May 20 2010 by Cesar Millan
There has never been a better time to see America with your dog. More and more hotels have a dog-friendly policy, and in cities across the country there are restaurants that welcome not just you but your four-legged companion. There are plenty of destinations that offer attractions that both you and your dog can enjoy--as well as offering leash-free parks where he or she can make new friends. But before you head off by car or plane, here are 10 tips to make sure your trip is happy and safe.
- SCHEDULE A VISIT TO THE VET before you leave, to make sure your dog is in good enough shape to travel and that all his vaccinations are up to date.
- BE PREPARED. Make sure you have a sturdy leash and collar with ID tags including your dog's name, your name, your cell phone number, and proof of rabies shots.
- If you're traveling by car, GET YOUR DOG FAMILIAR with the idea by going for short drives. To prevent motion sickness have him travel on an empty stomach (but have plenty of water available).
- MAKE FREQUENT STOPS to let your dog exercise, take potty breaks, and get plenty of fresh air.
- CHECK WITH YOUR AIRLINE well in advance of your trip, as rules about pets vary. Your dog will need to be in a crate that meets airline standards. And it's best to book flights with dogs months ahead of time, as there may be restrictions on how many animals can be on a given flight.
- DON'T PLAN ON TRAVELING BY BUS OR TRAIN. Amtrak and most major bus lines don't let dogs (other than service animals) travel. Cruise ships have different policies, so contact yours.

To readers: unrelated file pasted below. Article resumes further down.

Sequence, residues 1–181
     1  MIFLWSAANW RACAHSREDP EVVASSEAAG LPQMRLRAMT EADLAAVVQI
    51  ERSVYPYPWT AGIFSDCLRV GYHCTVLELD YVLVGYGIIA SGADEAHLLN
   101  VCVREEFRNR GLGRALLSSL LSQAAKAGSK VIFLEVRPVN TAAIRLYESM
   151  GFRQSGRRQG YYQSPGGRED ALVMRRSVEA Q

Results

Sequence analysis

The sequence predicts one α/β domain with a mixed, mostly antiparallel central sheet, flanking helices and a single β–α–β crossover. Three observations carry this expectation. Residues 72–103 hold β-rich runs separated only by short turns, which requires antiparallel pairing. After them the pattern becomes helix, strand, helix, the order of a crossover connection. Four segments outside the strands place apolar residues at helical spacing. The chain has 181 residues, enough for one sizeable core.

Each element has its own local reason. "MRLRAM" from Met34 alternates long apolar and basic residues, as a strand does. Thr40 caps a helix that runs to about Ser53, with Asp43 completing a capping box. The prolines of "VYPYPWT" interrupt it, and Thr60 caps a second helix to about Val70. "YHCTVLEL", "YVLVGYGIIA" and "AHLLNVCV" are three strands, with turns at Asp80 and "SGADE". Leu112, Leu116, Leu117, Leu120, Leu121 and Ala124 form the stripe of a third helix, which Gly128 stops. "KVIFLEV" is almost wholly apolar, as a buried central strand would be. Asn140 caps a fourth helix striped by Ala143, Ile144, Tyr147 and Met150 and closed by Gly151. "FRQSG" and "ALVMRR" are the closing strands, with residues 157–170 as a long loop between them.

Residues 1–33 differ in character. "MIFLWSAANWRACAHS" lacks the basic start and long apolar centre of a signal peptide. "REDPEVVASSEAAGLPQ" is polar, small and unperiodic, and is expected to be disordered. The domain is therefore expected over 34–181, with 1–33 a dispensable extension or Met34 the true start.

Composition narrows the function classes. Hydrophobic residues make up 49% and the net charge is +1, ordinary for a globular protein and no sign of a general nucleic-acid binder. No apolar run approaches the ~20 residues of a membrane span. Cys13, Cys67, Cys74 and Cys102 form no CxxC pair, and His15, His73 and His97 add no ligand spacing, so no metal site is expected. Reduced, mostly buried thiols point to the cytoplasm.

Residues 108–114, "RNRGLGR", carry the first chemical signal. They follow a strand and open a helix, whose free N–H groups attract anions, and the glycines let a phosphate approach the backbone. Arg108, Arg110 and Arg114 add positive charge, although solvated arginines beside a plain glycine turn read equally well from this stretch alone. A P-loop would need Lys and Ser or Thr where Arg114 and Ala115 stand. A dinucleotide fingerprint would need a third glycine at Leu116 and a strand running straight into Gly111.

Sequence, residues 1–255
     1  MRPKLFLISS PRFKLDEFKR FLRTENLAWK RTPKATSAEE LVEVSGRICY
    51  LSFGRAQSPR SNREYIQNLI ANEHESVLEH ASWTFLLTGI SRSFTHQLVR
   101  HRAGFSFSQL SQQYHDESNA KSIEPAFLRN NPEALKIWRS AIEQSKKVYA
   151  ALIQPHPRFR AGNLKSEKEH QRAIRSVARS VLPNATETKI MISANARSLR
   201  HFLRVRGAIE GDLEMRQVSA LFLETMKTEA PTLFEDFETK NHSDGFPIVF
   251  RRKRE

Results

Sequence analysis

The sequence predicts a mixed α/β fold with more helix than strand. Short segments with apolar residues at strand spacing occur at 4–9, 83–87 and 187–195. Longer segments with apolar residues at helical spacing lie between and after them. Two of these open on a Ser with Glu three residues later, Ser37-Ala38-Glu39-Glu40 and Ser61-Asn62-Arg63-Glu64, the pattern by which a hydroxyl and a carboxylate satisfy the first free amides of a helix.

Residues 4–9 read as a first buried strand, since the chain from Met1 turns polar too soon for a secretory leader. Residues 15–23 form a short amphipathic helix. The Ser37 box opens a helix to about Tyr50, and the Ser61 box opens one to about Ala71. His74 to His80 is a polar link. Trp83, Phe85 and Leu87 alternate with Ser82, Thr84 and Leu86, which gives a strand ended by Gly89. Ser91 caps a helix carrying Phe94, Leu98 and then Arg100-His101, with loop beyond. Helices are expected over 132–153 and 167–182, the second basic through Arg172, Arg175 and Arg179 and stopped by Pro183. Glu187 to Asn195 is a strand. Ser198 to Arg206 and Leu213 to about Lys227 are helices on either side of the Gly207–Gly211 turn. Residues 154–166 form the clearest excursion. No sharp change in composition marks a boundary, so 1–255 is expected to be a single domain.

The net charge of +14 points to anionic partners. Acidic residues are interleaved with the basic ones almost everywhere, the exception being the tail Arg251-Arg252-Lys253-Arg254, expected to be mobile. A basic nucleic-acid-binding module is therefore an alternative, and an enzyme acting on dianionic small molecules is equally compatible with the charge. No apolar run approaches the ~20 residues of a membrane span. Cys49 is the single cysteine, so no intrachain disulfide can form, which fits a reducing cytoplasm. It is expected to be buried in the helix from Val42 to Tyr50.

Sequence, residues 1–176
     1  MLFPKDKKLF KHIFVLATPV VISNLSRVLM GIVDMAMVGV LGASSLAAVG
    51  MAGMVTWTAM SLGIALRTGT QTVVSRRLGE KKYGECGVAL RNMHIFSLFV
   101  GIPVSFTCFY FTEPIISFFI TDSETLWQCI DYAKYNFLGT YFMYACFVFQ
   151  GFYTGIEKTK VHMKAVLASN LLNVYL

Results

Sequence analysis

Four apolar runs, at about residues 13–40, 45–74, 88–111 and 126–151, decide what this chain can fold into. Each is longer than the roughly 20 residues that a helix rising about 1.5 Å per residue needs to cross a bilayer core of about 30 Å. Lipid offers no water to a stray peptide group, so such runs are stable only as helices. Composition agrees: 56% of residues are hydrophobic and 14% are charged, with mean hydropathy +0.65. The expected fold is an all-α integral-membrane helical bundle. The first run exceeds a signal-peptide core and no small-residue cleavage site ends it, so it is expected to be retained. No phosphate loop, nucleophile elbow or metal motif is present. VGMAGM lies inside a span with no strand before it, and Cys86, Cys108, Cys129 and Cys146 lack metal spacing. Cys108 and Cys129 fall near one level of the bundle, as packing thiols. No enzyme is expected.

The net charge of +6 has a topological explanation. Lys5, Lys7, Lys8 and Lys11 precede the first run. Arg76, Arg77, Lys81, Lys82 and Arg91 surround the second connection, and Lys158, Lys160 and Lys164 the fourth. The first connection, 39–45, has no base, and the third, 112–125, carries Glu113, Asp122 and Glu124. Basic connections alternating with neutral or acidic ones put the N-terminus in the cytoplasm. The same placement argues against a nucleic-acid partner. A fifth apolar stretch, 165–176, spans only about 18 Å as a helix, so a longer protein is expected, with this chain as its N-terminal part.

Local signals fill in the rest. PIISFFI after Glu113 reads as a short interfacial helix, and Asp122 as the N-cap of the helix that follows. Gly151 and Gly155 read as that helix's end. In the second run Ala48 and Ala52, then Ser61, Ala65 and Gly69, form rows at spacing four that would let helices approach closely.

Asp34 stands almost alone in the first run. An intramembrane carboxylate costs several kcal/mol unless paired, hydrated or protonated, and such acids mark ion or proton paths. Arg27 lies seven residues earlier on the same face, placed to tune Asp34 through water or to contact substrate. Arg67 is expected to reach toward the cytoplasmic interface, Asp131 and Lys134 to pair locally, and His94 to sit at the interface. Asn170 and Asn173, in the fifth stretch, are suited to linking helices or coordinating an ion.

- TRY TO KEEP YOUR DOG'S ROUTINE as close as possible to what he does at home. Take the same food and try to feed him at the same times. If he doesn't have a crate, bring an old blanket or towel to -create a designated sleeping area where you're staying. Figure out a route to walk in advance--your dog will still need regular exercise.
- CHECK IN ADVANCE WITH YOUR HOTEL. Some are dog-friendly but don't allow large breeds.
- CLEAN UP! Make sure you clean up after your dog; that way you will help keep places dog-friendly. Carry a four-to-one mix of water and white vinegar in a spray bottle to remove stains and smells after indoor accidents. Don't leave your dog un-attended in a room, and try to keep him as quiet as possible.
- KEEP YOUR DOG LEASHED wherever possible. A new environment will be full of tempting new sights, sounds, and smells, and a leash will help curb his desire to explore and get lost.
For more tips from Cesar, please visit www.CesarsWay.com.